Face to Face Interaction
As we learn more about the value of collaboration, employee interaction becomes increasingly important to facility executives and Strategic Facilities Planners. The design specifics vary, depending upon the organization’s brand and goals, but the concept remains the same – the positive outcome derived from personal encounters is invaluable.
Effective strategies, designed to promote human interaction include:
- Atriums – Enterprises that have built atriums into their real estate have found that it visually connects spaces. An added bonus – natural light, which has been scientifically proven to reduce stress and boost wellness.
- Internal staircases – A decade ago, staircases were tucked away, void of any real activity. Staircases are now centrally located, designed to promote chance encounters.
- Corridors – Integrating corridors into your workspace design has multiple benefits. In addition to encouraging employee interaction, they also serve as a noise buffer, funneling people away certain office zones. What architects have found is that these corridors not only increased chance encounters, they actually become gathering places, increasing social interactions on a deeper level.
Continuing with the theme of facilitating human interaction, Workspace Planners have discovered that strategically placed gathering spaces throughout the office spark communication for inspiration. Since these chance encounters often occur between individuals who don’t regularly connect, the impact is even more profound.
The vast majority of us spend 85-90% of our time indoors. In doing so, however, we’re forced to ignore our intrinsic connection to nature. Biophilic design incorporates natural elements into the workplace. Through textures, natural lighting, plants, and green walls, nature is incorporated into the office space. It offers a noise buffer, provides privacy when needed, and enhances wellness. An added bonus – it is now known that live plants reduce toxic chemicals in the air.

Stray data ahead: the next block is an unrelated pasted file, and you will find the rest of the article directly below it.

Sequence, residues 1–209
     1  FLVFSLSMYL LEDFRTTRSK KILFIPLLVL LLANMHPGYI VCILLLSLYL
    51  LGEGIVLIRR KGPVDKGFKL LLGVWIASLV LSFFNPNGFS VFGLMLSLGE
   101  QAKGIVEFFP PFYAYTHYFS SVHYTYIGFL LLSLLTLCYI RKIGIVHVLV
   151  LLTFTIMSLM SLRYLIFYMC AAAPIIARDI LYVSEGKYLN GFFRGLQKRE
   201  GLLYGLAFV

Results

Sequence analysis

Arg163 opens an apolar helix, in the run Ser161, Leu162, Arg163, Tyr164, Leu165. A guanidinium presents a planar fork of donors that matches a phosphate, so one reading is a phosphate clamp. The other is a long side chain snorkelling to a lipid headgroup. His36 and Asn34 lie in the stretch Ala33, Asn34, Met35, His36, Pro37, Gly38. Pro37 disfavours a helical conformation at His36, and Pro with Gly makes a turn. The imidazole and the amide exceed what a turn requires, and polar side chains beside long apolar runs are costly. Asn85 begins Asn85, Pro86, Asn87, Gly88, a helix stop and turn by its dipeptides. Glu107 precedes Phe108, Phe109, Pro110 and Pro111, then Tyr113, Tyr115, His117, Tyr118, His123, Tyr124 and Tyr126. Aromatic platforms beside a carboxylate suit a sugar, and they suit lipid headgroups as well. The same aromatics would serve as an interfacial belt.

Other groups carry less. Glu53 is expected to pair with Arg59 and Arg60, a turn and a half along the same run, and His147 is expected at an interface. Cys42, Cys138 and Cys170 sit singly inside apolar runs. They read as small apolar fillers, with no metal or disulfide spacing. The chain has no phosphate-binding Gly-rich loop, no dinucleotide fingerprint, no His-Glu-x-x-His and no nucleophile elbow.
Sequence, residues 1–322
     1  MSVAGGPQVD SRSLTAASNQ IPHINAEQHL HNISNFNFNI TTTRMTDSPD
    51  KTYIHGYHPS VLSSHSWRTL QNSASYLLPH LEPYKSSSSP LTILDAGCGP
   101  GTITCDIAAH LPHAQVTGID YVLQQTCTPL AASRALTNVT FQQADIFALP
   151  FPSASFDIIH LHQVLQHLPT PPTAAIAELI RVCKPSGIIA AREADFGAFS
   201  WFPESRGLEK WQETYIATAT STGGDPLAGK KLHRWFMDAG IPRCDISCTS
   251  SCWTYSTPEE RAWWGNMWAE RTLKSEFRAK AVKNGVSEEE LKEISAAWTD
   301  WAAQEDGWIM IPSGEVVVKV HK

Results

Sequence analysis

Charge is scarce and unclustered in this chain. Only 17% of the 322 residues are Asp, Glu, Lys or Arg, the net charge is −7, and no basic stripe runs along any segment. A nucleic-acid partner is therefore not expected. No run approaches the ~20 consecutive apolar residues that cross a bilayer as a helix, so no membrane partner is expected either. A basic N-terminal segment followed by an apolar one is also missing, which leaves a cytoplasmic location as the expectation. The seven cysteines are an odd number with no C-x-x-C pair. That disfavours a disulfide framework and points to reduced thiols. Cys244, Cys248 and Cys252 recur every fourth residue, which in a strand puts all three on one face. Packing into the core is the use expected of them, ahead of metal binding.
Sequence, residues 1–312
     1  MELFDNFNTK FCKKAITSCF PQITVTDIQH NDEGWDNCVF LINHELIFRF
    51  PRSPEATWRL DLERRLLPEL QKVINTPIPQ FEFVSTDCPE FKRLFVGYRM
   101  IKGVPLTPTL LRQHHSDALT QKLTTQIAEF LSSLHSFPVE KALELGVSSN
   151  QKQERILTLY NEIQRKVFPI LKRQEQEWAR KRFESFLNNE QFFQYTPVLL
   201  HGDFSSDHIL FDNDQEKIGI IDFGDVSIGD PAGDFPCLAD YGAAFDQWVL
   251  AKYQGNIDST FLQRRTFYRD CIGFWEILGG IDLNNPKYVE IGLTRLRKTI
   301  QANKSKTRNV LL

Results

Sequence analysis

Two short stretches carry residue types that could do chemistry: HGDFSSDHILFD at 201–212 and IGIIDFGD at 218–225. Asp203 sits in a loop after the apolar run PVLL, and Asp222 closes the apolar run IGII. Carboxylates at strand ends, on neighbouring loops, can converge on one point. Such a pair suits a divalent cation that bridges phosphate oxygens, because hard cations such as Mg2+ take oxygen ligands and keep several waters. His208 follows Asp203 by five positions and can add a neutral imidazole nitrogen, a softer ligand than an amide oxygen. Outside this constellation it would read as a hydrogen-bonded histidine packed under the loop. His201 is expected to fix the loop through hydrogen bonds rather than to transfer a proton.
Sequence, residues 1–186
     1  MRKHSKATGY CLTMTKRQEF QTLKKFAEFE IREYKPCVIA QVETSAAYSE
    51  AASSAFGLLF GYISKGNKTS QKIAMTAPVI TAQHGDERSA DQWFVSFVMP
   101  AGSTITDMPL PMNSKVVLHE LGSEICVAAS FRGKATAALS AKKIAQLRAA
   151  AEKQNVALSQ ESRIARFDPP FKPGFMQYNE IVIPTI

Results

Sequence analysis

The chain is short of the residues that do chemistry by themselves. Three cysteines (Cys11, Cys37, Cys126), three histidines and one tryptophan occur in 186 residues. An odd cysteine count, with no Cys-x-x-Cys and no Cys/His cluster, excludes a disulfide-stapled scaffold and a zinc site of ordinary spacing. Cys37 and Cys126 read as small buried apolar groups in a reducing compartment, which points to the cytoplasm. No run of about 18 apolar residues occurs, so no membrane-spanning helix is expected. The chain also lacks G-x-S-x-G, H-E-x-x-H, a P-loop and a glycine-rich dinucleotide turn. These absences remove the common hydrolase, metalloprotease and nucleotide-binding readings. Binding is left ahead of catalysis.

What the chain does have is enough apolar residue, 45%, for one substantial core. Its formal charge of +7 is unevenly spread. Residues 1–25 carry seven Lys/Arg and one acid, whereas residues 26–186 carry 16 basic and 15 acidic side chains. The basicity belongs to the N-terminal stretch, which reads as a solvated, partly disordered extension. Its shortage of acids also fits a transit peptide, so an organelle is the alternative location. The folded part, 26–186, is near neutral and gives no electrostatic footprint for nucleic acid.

As organizations learn more about what elements spark creativity in the younger generations, we are seeing more unconventional designs being incorporated into office spaces. In an effort to create spaces that feel like home, meeting spaces now come equipped with couches, bean bag chairs, gaming systems, and even meditation rooms. Workers can meet and collaborate in these spaces, or slip away for a few moments of downtime before returning to work.
Incorporation of Technology
Considering technology has played a major role in igniting office redesigns, it only makes sense that it would be integrated into these new spaces. Interactive LED video walls keep everyone informed, often sparking conversations regarding current and upcoming projects. Digital whiteboards enable users to digitize notes and drawings, and interactive screens allow us to physically produce and share our work.
Regardless of an organization’s industry or size, flexibility is a critical component to today’s workplace environment. By incorporating this principle into an office redesign, workplace leaders can meet the current needs of their workforce, while keeping a pulse on the bigger picture. While these innovative workspaces are not for everyone, every enterprise should be working towards one common goal – to humanize the environment. A human-centric workplace is key to an actively engaged and loyal workforce. It breaks down invisible walls, brings people together, and catapults us to success, both on an individual and organizational level.